Does new “rape prevention” nail polish reinforce victim blaming?
A Google search for “rape prevention nail polish” yields not the name of the company creating the polish, how much it costs, or where to purchase it. Instead, the search brings up a list of headlines from “A Manicure Won’t Stop Rape” to “Nail polish: Anti-rape or anti-woman?”
Four male students at North Carolina State University most likely had the best intentions when they created the nail polish, but their new invention is stirring up quite a commotion—and it hasn’t even been released yet.The company the students created, called Undercover Colors, is in the process of producing a nail polish that changes colors to warn the wearer when her* drink has been drugged.
The polish detects the three most common date rape drugs: Rohypnol, Xanax and GHB.
When the wearer dips her finger in her drink, the polish will change color when in contact with one of these colorless, odorless drugs.
While this is undeniably a great invention, many feminists and social rights activists are up in arms because it is reinforcing the idea that women need to protect themselves, not that we should be teaching men not to rape. Some would argue that we are encouraging rape culture with this invention.
“It still puts the responsibility on someone who could potentially be the victim or women in general,” said Mia Briceño, associate professor of communication studies.
“You get into this slippery slope where you blame the people who developed the nail polish and that’s not the point at all. It’s a very interesting invention and is something that could have a positive impact on peoples’ everyday lives, but it is questionable in terms of ‘does it really get at the heart of the matter?’ and that doesn’t seem like the case,” she continued.
Briceño, who has both scholarly and personal interest in gender studies as well as domestic violence and rape culture, related that the nail polish raises issues of traditional gender roles and femininity since all females do not wear nail polish.
“Add this to your arsenal—put it in with your pepper spray and your small but sharp knife or whatever you have because you have to be afraid 24/7 because you are always a potential victim of assault.” Briceño parodied the too-true statements that women hear in the media and from their friends and family.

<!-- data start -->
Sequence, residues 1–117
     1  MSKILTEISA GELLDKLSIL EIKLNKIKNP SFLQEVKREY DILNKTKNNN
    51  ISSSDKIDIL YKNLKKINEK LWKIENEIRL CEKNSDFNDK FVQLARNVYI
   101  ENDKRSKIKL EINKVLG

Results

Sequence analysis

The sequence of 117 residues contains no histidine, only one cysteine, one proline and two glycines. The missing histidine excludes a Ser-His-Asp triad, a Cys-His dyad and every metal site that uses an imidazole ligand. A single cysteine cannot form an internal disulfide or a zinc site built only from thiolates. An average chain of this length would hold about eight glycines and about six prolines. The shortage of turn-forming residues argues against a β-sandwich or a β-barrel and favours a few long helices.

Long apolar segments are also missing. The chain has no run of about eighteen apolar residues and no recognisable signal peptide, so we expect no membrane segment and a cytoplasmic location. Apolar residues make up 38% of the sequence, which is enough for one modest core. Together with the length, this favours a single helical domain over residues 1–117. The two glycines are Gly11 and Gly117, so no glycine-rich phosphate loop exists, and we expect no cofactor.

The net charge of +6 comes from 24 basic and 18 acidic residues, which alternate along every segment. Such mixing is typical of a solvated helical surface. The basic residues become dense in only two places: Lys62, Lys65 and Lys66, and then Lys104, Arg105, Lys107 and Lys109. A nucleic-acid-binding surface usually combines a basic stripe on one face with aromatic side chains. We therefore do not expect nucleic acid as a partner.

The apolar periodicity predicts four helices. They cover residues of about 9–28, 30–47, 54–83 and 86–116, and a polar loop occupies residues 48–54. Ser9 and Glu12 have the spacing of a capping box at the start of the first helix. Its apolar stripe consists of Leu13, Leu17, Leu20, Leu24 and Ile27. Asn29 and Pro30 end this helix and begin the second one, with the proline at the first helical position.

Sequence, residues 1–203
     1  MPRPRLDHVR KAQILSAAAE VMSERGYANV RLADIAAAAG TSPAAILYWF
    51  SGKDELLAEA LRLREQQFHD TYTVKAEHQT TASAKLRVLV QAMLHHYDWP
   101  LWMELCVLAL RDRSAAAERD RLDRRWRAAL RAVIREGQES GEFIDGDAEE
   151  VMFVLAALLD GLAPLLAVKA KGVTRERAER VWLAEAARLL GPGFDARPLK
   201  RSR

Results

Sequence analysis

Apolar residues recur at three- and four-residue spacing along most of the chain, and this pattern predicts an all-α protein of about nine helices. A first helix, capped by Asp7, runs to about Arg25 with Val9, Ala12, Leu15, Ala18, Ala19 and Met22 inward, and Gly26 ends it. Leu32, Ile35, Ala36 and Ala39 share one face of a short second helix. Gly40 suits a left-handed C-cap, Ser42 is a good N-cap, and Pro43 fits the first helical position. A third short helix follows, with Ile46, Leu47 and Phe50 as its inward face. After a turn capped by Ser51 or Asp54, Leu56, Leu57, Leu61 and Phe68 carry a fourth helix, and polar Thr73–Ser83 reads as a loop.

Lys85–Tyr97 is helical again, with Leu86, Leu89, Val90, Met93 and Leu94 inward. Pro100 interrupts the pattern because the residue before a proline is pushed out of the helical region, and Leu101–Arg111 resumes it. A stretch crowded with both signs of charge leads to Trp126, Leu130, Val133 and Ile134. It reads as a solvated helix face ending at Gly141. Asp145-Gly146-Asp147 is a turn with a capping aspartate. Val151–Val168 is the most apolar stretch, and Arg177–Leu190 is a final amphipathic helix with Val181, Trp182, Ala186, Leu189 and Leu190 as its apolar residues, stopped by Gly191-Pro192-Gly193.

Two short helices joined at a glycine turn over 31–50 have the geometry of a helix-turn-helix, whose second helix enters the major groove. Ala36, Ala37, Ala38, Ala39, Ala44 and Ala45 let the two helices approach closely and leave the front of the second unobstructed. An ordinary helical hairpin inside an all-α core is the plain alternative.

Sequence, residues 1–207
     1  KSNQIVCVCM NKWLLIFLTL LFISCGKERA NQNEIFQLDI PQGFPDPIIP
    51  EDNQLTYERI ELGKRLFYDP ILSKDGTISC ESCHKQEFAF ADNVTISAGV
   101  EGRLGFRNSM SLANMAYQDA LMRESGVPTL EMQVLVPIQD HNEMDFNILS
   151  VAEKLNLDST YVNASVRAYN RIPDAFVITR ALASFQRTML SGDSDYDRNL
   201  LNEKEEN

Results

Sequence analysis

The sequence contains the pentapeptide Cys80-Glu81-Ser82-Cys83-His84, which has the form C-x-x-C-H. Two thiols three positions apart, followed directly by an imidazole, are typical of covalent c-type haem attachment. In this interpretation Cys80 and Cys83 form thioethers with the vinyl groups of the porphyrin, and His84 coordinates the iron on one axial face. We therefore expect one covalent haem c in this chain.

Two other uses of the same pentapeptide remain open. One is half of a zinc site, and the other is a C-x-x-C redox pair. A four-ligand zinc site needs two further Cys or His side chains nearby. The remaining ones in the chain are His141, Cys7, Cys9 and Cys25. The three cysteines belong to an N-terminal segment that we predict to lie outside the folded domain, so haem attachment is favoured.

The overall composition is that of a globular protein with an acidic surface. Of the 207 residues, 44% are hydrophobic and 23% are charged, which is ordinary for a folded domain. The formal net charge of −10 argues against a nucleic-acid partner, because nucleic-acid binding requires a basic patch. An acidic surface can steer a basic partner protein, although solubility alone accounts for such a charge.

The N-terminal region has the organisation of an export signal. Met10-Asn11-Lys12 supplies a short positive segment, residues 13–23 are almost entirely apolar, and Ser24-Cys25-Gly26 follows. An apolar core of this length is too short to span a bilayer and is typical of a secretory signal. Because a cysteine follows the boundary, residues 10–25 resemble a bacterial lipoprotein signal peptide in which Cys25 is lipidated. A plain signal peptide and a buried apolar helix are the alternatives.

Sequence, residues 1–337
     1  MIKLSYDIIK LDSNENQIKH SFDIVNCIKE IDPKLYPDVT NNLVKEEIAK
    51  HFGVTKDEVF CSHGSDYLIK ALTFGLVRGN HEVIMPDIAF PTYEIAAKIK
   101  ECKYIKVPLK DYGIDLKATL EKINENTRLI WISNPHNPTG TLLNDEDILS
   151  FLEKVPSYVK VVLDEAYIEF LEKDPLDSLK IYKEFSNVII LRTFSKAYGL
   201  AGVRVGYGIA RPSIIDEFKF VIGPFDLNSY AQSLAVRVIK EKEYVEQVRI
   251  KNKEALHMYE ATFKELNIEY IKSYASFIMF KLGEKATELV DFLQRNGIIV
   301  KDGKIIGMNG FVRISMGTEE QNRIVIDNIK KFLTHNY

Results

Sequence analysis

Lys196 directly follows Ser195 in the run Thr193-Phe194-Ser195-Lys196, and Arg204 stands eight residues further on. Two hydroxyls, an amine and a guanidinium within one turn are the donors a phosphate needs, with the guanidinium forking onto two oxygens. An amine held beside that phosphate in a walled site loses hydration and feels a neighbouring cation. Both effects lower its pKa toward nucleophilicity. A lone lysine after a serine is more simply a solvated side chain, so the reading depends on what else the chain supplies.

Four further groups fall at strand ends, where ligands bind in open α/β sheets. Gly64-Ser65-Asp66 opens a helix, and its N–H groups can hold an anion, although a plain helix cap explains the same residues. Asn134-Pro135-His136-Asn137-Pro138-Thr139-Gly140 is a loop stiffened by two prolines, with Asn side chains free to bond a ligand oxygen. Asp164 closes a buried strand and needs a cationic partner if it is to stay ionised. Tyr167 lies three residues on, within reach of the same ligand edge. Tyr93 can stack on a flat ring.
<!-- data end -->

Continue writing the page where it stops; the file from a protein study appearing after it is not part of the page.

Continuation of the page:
Jennifer Thomas, developmental psychologist and director of the Women’s and Gender Studies program believes that while the nail polish may not be the best solution, at least it is getting people talking.
“I think it’s really wonderful that people are talking about this issue. We really need to talk about these things if we are going to see any change. So if wearing nail polish sparks conversation about rape culture then that’s great, but in the scheme of things it can’t just be women fighting for women, it needs to be a societal change,” Thomas said.
“We need to change our culture that teaches girls to go out into the world and avoid getting raped. I’m sure that every girl has had that conversation with her parents or some adult about how she needs to protect herself. Almost every woman does rituals to avoid getting raped whether it’s not walking alone, holding car keys a certain way, finding certain places to park their cars. Women’s lives are restricted because they are very aware that they could be a victim of violence,” Thomas stated.
What is holding society back on making a change?
“We don’t teach responsible sex education. We don’t teach people of all genders how they may want to explore their own sexuality and how they should take it seriously as something with a lot of impact beyond the moment,” Briceño related.
Beyond informing students about consent, Thomas would like to see a sort of center on campus enacted that would deal with any sort of human rights issues.
“I really think we need a center that is headed by an expert in these types of issues,” she noted.
“People need awareness, they need true bystanders. It would be great, too, if the university surveyed incoming students about consent and what rape means and what student’s rights are. Maybe we need to find out where our students are and tailor a program to that, do the program, then capture data again and see if it works,” Thomas said.
The hot debate on the validity of a date rape prevention nail polish may wage on for years. Personally, my bottom line is if swirling my nails in my drink is a way to protect myself from sexual abuse then I’m all for it—but I think it’s essential to educate ourselves and our children about consent to prevent the responsibility from constantly falling on the victims of these heinous crimes.
Once we stop victim-blaming, real change can begin.
*Editor’s note: Due to statistics about rape where victims are overwhelmingly female and perpetrators are overwhelming male, in addition to the fact that the polish is marketed exclusively to females, this article assumes the pronoun “she” when discussing potential victims. It is understood that this is not exclusively an issue where females are always victims and males are always perpetrators.